Each week on #HallOfFameThursday, Horse Network recognizes members of the Show Jumping Hall of Fame with an inductee’s plaque, historical photos and, on the first Thursday of every month, an article written by a Show Jumping Hall of Famer. As we approach the ECCO FEI World Championships in Herning, Denmark, this Hall of Fame Thursday features 2010 World Equestrian Games course designer: Conrad Homfeld.
When you get given a job such as Show Jumping Course Designer for a World Equestrian Games
You start to think about what you are going to do immediately. The wheels start moving slowly, then they gradually get faster and faster as time progresses and finally the time comes to take the ideas from your imagination and bring them to life – that is when the hard work starts. Richard Jeffery, who is in charge of the architectural design, and I have a different theme for each course used in the Show Jumping competitions. Kentucky is made for this because of its natural beauty and the importance of the horse to the state.
Everything is fluid when designing a course
And I like that. Things are constantly changing but it is an interesting process that evolves along the way. You could try to set everything in stone months in advance, but things come up that you don’t anticipate and are out of your control, taking you in a new direction. Right up to the last second you need to remain flexible and be prepared to adjust. If a jump builder tells you that one of your designs won’t work, it forces you to look at your work in a new way that you can like even better than your original idea.
I take all course designing roles I’m given seriously
Not just the ones at this level. This is because of the safety risks involved in riding, you want to provide as safe an environment as possible in a sport that has an unavoidable risk factor involved. The burden of responsibility is pretty big for course designers. As far as designing for a competition of this magnitude there is obviously a big title on the line and everyone from the competitors to the spectators expect fair but demanding courses. The whole thing is a balancing game – you don’t want to push the course too far, although at the same time you have to go far enough to produce a result and separate the competitors as they get nearer the final. It’s a very fine line.
It is different with a big title such as this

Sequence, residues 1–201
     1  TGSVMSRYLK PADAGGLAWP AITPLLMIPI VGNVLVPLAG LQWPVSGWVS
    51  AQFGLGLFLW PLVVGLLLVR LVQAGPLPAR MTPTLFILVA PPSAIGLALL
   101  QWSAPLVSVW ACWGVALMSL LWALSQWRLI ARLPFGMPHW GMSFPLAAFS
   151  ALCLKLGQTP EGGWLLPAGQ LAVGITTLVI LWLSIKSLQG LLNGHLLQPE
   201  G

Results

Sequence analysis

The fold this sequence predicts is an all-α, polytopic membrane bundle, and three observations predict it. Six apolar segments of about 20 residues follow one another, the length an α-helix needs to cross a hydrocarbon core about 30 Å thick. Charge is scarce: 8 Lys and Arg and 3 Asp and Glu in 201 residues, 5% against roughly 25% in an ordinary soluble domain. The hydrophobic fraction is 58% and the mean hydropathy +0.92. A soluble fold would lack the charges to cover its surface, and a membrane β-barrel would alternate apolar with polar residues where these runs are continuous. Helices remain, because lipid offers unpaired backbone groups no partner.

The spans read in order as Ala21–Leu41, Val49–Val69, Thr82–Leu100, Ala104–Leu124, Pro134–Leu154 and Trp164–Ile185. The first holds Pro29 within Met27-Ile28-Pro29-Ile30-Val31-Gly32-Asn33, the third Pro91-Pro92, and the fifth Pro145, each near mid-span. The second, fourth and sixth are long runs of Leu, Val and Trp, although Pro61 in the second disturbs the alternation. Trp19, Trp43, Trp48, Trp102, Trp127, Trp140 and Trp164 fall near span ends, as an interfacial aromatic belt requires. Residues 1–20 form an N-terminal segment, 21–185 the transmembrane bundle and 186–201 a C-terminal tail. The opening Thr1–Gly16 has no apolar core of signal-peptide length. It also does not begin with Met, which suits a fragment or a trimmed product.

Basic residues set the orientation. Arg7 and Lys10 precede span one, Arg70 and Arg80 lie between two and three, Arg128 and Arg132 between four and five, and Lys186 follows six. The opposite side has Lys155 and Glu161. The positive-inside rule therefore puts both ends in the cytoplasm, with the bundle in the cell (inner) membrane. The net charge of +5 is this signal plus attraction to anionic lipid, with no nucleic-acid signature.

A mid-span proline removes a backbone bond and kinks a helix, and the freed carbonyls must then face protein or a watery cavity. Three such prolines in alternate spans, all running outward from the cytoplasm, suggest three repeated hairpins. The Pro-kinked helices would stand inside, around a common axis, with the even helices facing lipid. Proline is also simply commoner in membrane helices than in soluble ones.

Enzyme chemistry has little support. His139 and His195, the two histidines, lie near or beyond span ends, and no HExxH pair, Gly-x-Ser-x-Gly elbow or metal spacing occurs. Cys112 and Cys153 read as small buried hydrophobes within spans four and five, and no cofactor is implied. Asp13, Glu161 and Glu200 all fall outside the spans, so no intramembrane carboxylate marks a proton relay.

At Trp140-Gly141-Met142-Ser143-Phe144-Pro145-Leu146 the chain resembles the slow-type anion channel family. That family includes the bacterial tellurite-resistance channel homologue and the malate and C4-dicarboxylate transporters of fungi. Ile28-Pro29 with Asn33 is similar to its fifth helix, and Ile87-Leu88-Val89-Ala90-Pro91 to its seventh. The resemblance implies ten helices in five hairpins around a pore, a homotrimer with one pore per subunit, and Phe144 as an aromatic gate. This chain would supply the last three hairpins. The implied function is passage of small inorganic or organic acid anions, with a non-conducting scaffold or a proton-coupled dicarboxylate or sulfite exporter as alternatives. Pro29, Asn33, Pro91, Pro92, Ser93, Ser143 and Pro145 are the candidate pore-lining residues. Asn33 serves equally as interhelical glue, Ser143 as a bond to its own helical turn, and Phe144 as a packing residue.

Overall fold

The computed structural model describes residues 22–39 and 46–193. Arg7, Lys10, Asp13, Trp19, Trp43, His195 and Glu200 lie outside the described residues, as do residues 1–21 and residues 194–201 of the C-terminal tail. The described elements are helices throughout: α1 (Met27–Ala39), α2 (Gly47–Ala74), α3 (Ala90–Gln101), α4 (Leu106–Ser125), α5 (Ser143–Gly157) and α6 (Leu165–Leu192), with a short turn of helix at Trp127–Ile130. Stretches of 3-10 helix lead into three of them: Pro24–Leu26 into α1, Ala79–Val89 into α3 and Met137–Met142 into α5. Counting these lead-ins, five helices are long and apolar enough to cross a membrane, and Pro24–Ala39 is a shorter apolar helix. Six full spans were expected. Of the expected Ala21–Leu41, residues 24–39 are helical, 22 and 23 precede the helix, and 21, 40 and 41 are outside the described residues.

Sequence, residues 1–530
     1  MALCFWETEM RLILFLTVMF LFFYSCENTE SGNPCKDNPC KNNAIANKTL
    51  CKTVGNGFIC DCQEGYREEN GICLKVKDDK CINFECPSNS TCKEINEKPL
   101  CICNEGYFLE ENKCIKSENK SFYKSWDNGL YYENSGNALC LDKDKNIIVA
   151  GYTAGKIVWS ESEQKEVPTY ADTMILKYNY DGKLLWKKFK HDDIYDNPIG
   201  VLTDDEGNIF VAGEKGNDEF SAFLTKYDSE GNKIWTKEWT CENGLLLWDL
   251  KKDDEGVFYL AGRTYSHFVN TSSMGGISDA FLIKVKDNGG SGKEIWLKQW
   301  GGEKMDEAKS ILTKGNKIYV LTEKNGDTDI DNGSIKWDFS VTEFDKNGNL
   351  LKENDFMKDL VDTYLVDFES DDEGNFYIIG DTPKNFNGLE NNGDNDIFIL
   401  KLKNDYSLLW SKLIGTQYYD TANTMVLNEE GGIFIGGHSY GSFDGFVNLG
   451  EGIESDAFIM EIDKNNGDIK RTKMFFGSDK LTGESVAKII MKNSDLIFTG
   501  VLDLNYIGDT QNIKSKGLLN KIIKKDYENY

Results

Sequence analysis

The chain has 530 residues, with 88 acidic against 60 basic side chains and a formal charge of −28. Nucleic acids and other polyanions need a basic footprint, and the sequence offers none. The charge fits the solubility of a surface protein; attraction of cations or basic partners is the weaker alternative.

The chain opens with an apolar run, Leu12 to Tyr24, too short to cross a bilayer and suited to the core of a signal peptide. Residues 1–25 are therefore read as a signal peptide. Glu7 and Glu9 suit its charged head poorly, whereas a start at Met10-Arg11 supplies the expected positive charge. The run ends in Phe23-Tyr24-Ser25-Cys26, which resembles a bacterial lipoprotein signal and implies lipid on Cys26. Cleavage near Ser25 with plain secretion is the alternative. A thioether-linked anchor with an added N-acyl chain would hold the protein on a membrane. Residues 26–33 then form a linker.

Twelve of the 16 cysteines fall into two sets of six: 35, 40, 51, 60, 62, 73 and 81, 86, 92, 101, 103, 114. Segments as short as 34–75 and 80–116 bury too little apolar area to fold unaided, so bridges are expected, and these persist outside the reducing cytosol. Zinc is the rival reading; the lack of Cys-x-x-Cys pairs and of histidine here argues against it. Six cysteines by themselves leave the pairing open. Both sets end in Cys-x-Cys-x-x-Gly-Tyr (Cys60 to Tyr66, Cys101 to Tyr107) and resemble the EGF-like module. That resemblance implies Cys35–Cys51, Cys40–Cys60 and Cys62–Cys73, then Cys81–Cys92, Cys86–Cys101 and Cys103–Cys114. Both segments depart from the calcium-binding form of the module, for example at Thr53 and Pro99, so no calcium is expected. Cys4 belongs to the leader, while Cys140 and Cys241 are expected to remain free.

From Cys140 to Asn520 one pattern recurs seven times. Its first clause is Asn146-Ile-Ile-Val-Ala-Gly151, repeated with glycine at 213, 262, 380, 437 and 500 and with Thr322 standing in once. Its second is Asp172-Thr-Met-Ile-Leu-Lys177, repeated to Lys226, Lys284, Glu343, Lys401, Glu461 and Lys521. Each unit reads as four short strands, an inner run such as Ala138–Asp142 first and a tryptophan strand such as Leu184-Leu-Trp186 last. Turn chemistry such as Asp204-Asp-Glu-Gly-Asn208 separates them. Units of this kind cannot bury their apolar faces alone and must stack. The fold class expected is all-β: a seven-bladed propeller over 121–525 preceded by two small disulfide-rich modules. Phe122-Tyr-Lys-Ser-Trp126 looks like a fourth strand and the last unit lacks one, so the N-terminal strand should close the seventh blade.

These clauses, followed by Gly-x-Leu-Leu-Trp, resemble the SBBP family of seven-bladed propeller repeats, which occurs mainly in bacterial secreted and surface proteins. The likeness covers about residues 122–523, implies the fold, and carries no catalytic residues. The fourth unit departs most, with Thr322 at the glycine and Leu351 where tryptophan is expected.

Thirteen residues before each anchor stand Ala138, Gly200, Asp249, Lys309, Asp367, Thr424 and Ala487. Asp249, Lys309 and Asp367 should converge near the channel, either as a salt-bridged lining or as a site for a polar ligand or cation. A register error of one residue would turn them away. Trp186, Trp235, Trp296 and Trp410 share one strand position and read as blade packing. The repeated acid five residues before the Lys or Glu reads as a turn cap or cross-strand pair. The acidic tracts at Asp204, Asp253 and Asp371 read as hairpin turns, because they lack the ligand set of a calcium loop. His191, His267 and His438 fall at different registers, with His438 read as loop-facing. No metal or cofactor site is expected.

That’s because the riders are very, very good. If you are not on the ball the competitors will just roll right over the top of you and the course because they are so good and their horses equally so. But at the same time you have to also take into consideration the competitors that aren’t the best of the best and that can’t be faced with the most difficult courses right out of the block. The different phases of the competition are designed to progress in difficulty while narrowing the field of competitors down to the Rolex Top Four Final. You have to use all of yourself to design courses, you have to engage all of your horsemanship skills at the same time.
Everything is taken into consideration when designing a show jumping course.
Jump placement, height, width, distances between jumps, colors and the spectators – everything is a decision. As the course designer you have all these different things up in the air and you have to juggle them. You have to make the choices of which things you are going to keep and what are you going to edit out. Like the competition itself, it is a weeding out process so that you’re eventually left with the best. It is a complex process especially when you are starting as we did where basically everything had to be designed and built.
One of the main goals when I design a course
It is to hopefully produce a worthy winner. Obviously there are the safety concerns, which come first and foremost. But you really hope to design courses that produce worthy champions – and that the spectators enjoy what they are seeing. Our goal is to do a credible job that produces a credible result. We would be disappointed if one particular jump caused most of the problems in a course. Obviously some jumps are obviously harder than others, the last jump is harder than the first for example. You are working to have the course produce faults at all of the jumps. I think course designers are always happy when that happens.
Feature Image: Kit Houghton